It’s a new year. Contrary to popular opinion, for the most part, when it comes to money, finances, banking and investing, it doesn’t really matter if the year is new or not. That being said, plenty of people take the opportunity of a fresh calendar to take a fresh look at things like personal finance and their financial plans. So, here is a checklist of things to start thinking about to make sure you personal finances are lined up for 2016.
2016 Personal Finance Checklist
Don’t get overwhelmed. Not all of this stuff needs to be done at once. Put a section on your calendar each week or two, and by the end of the first quarter, your finances will be reviewed, tuned-up, and ready for the year ahead.
- Review your checking account statements and make sure your bank isn’t charging you fees just for having a checking or savings account. If you are paying monthly fees, or minimum balance fees, find a new account. Check with your current bank first, you might just be signed up for the wrong account. Remember, at today’s interest rates, there is no way having a higher rate compensates for having to pay fees.
- Sign up for online banking, and make sure you have all of your online banking passwords current, and that you know how to log into your accounts. Nothing helps you keep track of your personal finances like being able to see what is happening whenever you want, even at 2:00 am, in your pajamas, while watching infomercials.
- Sign up for online bill pay. Most banks allow you to pay bills from your checking account. It’s easier to manage your array of bills from one spot instead of having to log into dozens of accounts to pay everything.
- Check your interest rate. After a decade of super-low rates, it’s unlikely you have a high interest rate, but if you have a variable rate, now might be a good time to look into getting a fixed rate before mortgage interest rates start rising.
- Check your payment information. Make sure you understand where your payment goes. Your escrow amount may have increased last year if your homeowners insurance rates went up, or if your property taxes increased.
- Verify that all of your coverages are in place. If you have more than a few hundred thousand dollars in non-retirement accounts, or in home equity, consider an umbrella liability policy. They are usually pretty cheap and can cover you for liability above what your car or home insurance policies have.
- Review your deductibles. Make sure your deductibles still make sense for your financial situation. If you have more savings, then consider higher deductibles.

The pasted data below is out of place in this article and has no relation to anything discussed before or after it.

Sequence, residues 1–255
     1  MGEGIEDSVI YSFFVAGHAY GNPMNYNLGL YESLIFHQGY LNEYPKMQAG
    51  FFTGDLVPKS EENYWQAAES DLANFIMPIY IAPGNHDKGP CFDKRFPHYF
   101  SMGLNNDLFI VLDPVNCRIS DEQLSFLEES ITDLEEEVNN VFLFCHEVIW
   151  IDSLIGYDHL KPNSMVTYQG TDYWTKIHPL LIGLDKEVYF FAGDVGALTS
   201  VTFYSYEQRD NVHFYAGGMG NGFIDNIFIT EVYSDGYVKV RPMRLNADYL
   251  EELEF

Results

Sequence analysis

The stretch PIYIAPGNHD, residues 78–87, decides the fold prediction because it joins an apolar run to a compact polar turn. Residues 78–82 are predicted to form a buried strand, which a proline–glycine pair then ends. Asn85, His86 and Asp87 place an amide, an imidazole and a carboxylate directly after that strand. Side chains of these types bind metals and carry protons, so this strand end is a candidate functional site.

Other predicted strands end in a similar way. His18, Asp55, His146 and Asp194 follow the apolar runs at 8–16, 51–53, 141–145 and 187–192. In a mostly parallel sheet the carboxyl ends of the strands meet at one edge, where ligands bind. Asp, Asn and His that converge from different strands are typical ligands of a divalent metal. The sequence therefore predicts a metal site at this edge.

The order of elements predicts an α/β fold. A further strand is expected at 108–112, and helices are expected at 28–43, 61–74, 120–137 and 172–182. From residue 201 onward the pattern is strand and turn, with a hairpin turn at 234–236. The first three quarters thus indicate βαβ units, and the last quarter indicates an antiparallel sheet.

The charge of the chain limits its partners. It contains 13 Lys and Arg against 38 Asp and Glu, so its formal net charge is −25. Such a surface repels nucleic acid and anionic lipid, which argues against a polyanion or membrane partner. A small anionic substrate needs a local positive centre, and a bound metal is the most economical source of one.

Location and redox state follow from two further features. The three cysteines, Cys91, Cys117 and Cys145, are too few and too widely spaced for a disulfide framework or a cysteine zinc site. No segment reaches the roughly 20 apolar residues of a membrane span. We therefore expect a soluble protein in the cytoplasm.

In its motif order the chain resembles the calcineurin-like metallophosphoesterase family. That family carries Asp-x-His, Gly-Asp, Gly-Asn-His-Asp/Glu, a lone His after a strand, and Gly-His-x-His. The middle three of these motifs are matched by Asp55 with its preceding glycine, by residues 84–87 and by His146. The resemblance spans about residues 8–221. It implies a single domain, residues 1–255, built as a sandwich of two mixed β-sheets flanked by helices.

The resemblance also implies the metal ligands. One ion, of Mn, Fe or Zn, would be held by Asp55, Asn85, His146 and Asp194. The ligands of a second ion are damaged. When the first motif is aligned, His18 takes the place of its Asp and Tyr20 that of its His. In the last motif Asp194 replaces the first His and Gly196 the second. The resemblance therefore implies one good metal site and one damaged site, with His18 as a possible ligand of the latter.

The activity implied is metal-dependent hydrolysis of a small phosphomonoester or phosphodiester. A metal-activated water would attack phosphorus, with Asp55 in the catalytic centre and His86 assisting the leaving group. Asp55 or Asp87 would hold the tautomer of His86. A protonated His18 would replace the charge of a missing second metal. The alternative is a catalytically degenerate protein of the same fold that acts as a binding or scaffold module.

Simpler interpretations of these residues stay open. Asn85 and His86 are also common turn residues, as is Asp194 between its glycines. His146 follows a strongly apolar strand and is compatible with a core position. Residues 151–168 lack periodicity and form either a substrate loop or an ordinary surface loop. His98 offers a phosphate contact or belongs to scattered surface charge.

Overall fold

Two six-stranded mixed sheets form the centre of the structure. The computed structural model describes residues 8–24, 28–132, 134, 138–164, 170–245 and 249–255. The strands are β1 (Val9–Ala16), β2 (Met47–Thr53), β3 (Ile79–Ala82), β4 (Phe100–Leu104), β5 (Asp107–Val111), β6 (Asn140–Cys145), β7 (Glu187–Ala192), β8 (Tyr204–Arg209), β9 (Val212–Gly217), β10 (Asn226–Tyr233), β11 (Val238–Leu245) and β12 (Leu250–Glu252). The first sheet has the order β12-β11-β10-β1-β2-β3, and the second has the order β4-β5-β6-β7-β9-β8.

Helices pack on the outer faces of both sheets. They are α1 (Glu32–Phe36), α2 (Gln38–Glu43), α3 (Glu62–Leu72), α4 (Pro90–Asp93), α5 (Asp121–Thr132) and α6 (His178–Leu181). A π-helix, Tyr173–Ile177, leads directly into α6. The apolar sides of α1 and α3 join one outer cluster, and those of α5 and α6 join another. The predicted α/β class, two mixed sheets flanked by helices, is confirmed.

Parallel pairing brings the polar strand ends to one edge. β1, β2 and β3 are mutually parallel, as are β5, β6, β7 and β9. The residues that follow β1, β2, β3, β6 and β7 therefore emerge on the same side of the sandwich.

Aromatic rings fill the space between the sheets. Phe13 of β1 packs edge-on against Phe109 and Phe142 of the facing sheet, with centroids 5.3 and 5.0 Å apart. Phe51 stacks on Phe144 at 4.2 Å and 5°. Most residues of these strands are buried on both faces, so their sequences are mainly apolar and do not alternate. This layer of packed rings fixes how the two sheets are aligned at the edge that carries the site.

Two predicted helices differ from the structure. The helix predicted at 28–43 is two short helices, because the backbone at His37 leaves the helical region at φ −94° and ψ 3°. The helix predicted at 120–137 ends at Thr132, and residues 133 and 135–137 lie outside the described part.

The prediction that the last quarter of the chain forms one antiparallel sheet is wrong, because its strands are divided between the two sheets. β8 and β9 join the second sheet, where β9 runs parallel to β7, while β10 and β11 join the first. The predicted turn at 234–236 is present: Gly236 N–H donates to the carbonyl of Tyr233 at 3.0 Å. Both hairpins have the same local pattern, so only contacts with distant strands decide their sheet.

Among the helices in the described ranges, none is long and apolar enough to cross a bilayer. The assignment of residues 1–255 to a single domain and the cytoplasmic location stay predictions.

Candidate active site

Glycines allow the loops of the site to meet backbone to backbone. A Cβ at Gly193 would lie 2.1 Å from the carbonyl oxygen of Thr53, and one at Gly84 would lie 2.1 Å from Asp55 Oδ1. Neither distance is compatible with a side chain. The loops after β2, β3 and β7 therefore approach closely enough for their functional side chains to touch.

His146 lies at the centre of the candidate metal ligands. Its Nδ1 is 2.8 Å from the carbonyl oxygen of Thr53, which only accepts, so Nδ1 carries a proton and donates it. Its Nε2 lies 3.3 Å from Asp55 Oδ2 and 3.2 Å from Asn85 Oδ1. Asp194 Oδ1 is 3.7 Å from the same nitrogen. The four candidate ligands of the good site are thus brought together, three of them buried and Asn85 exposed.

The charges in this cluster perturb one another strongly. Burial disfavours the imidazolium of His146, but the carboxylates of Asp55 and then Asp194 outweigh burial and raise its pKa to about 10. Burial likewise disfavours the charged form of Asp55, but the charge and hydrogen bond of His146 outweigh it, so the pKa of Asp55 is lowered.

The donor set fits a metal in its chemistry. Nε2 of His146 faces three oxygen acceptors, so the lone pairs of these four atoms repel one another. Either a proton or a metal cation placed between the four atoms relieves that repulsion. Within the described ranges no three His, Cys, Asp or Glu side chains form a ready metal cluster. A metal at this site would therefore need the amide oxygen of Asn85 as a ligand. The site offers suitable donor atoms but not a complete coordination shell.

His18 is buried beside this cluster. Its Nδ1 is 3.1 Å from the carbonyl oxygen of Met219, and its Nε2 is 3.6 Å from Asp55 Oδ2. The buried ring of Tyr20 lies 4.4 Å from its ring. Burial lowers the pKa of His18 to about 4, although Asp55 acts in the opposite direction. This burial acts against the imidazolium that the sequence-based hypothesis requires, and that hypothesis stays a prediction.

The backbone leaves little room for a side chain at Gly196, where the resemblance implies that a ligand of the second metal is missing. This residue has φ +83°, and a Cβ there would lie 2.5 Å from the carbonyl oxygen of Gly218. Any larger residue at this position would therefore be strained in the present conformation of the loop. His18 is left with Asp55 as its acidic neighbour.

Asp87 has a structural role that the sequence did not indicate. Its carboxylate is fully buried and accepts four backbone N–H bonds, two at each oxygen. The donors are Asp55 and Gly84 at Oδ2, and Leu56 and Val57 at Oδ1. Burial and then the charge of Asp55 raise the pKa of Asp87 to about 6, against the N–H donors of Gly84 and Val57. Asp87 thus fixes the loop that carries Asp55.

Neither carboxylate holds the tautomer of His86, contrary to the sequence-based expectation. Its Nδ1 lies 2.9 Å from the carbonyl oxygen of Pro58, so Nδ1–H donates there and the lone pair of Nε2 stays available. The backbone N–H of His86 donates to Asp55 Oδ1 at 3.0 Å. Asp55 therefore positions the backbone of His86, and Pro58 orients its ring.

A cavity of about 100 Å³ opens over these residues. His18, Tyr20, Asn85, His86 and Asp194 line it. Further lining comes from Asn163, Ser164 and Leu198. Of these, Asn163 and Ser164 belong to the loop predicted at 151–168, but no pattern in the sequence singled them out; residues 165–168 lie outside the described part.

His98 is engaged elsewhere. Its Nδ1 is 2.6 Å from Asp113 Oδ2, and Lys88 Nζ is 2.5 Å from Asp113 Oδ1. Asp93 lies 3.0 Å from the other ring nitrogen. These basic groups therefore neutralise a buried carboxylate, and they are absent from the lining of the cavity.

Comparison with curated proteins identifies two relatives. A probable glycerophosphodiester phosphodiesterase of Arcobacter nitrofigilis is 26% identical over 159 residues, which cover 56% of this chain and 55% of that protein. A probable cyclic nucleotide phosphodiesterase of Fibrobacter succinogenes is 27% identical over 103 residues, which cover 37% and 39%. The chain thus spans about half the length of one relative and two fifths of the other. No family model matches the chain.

- If you had kids since the last time you looked, check into making sure you have enough life insurance.
- If you remodeled your house, make sure you still have the right coverage.
- Check and see if you have flood insurance. It isn’t covered by your regular homeowners policy.
- Rebalance your portfolio if you don’t already have a schedule
- Contribute to an IRA by April 15, if you want the contribution to count for 2015 taxes.
- If you sold last year for tax-loss harvesting, check and see if you want to re-establish some investments. Be sure to avoid any investing mistakes with the wash sale rules.
Retirement Planning Checklist
- Check your 401k contributions. Increase them if you can. Even a 1% increase makes a big difference over the course of a career.
- If you are using target-date retirement funds, make sure the date still matches your plans.
- Check the expenses you are paying for investments, and investment management. If you find cheaper, compatible alternatives, switch.
- Take your retirement account balance and multiply it by 4%. That’s your current annual income if you retire today. Too low? Save more!
- If it’s been more than a few months, get one of your free annual credit reports and review you. File disputes for anything that isn’t legit.
- Use the same credit report to review what credit accounts you have open. If you see something you don’t recognize, reconnect to it. Make sure they have your current address and contact information. Don’t close old accounts. That can lower your score.
- Pay off a credit card, or make a big payment. If you can’t, start saving now so that you can soon.
- Check your credit score. Many credit cards offer free credit scores, or you can try a free credit score service like Credit Karma or Credit Sesame. The actual number isn’t important unless you are actually applying for credit, but keep an eye on the number throughout the year and make sure it is going up, not down.